2 dimensional Fourier transforms simply involve a number of 1 dimensional fourier transforms. More precisely, a 2 dimensional transform is achieved by first transforming each row, replacing each row with its transform and then transforming each column, replacing each column with its transform. Thus a 2D transform of a 1K by 1K image requires 2K 1D transforms. This follows directly from the definition of the fourier transform of a continuous variable or the discrete fourier transform of a discrete system.
The transform pairs that are commonly derived in 1 dimension can also be derived for the 2 dimensional situation. The 2 dimensional pairs can often be derived simply by considering the procedure of applying transforms to the rows and then the columns of the 2 dimensional array.
Square pulse  <FFT> 
2D sinc function 
Note
The above example has had the quadrants reorganised so as to place DC (freq = 0) in the center of the image. The default organisation of the quadrants from most FFT routines is as below
ExampleThe following example uses the image shown on the right. 

In order to perform FFT (Fast Fourier Transform) instead of the much slower DFT (Discrete Fourier Transfer) the image must be transformed so that the width and height are an integer power of 2. This can be achieved in one of two ways, scale the image up to the nearest integer power of 2 or zero pad to the nearest integer power of 2. The second option was chosen here to facilitate comparisons with the original. The resulting image is 256 x 256 pixels. 

The magnitude of the 2 dimension FFT (spatial frequency domain) is 

Image processing can now be performed (for example filtering) and the image converted back to the spatial domain. For example low pass filtering involves reducing the high frequency components (those radially distant from the center of the above image). Two examples using different cutoff frequencies are illustrated below.
Low pass filter with a low corner frequency 
Low pass filter with a higher corner frequency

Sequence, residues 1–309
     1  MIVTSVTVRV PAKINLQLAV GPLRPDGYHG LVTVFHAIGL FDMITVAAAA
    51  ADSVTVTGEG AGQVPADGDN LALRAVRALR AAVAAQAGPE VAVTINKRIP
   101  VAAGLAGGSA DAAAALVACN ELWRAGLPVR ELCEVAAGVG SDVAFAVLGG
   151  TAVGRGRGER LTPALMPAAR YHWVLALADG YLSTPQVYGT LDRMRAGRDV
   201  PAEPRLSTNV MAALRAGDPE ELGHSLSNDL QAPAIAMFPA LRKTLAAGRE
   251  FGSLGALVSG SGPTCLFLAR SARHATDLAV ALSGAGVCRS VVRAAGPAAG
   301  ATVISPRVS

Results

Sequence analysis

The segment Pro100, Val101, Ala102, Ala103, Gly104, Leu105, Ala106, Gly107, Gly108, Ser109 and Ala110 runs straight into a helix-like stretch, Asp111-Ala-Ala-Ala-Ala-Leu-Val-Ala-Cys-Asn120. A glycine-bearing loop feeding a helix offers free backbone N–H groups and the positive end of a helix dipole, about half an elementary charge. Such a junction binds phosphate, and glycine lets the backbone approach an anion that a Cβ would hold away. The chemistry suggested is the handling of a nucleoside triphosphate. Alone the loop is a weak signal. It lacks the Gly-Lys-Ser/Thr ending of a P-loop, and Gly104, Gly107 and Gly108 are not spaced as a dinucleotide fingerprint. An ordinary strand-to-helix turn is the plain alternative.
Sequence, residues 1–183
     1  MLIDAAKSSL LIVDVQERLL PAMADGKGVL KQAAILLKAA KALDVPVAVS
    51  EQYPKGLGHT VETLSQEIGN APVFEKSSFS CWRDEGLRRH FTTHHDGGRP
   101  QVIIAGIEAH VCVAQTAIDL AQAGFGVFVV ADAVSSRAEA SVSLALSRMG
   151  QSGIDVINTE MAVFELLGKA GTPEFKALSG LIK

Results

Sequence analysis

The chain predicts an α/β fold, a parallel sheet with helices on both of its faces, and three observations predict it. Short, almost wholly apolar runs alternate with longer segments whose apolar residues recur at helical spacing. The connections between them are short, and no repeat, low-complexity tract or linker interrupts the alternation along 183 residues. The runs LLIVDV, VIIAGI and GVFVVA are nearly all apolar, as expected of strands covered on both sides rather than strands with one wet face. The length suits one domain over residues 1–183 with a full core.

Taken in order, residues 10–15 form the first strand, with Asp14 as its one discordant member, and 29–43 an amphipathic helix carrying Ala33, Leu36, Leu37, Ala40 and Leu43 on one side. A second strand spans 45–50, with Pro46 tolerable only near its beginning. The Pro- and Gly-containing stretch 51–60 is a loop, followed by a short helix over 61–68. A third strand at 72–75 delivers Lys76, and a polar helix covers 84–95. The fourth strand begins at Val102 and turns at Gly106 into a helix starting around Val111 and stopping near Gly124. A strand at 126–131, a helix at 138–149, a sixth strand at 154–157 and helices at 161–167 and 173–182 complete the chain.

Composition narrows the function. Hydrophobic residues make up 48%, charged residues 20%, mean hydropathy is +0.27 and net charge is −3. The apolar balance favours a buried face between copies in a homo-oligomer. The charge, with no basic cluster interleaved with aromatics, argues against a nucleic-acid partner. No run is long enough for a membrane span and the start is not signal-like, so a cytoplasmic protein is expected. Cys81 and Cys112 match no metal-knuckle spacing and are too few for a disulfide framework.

/* Perform a 2D FFT inplace given a complex 2D array The direction dir, 1 for forward, 1 for reverse The size of the array (nx,ny) Return false if there are memory problems or the dimensions are not powers of 2 */ int FFT2D(COMPLEX **c,int nx,int ny,int dir) { int i,j; int m,twopm; double *real,*imag; /* Transform the rows */ real = (double *)malloc(nx * sizeof(double)); imag = (double *)malloc(nx * sizeof(double)); if (real == NULL  imag == NULL) return(FALSE); if (!Powerof2(nx,&m,&twopm)  twopm != nx) return(FALSE); for (j=0;j<ny;j++) { for (i=0;i<nx;i++) { real[i] = c[i][j].real; imag[i] = c[i][j].imag; } FFT(dir,m,real,imag); for (i=0;i<nx;i++) { c[i][j].real = real[i]; c[i][j].imag = imag[i]; } } free(real); free(imag); /* Transform the columns */ real = (double *)malloc(ny * sizeof(double)); imag = (double *)malloc(ny * sizeof(double)); if (real == NULL  imag == NULL) return(FALSE); if (!Powerof2(ny,&m,&twopm)  twopm != ny) return(FALSE); for (i=0;i<nx;i++) { for (j=0;j<ny;j++) { real[j] = c[i][j].real; imag[j] = c[i][j].imag; } FFT(dir,m,real,imag); for (j=0;j<ny;j++) { c[i][j].real = real[j]; c[i][j].imag = imag[j]; } } free(real); free(imag); return(TRUE); } /* This computes an inplace complextocomplex FFT x and y are the real and imaginary arrays of 2^m points. dir = 1 gives forward transform dir = 1 gives reverse transform Formula: forward N1  1 \  j k 2 pi n / N X(n) =  > x(k) e = forward transform N / n=0..N1  k=0 Formula: reverse N1  \ j k 2 pi n / N X(n) = > x(k) e = forward transform / n=0..N1  k=0 */ int FFT(int dir,int m,double *x,double *y) { long nn,i,i1,j,k,i2,l,l1,l2; double c1,c2,tx,ty,t1,t2,u1,u2,z; /* Calculate the number of points */ nn = 1; for (i=0;i<m;i++) nn *= 2; /* Do the bit reversal */ i2 = nn >> 1; j = 0; for (i=0;i<nn1;i++) { if (i < j) { tx = x[i]; ty = y[i]; x[i] = x[j]; y[i] = y[j]; x[j] = tx; y[j] = ty; } k = i2; while (k <= j) { j = k; k >>= 1; } j += k; } /* Compute the FFT */ c1 = 1.0; c2 = 0.0; l2 = 1; for (l=0;l<m;l++) { l1 = l2; l2 <<= 1; u1 = 1.0; u2 = 0.0; for (j=0;j<l1;j++) { for (i=j;i<nn;i+=l2) { i1 = i + l1; t1 = u1 * x[i1]  u2 * y[i1]; t2 = u1 * y[i1] + u2 * x[i1]; x[i1] = x[i]  t1; y[i1] = y[i]  t2; x[i] += t1; y[i] += t2; } z = u1 * c1  u2 * c2; u2 = u1 * c2 + u2 * c1; u1 = z; } c2 = sqrt((1.0  c1) / 2.0); if (dir == 1) c2 = c2; c1 = sqrt((1.0 + c1) / 2.0); } /* Scaling for forward transform */ if (dir == 1) { for (i=0;i<nn;i++) { x[i] /= (double)nn; y[i] /= (double)nn; } } return(TRUE); }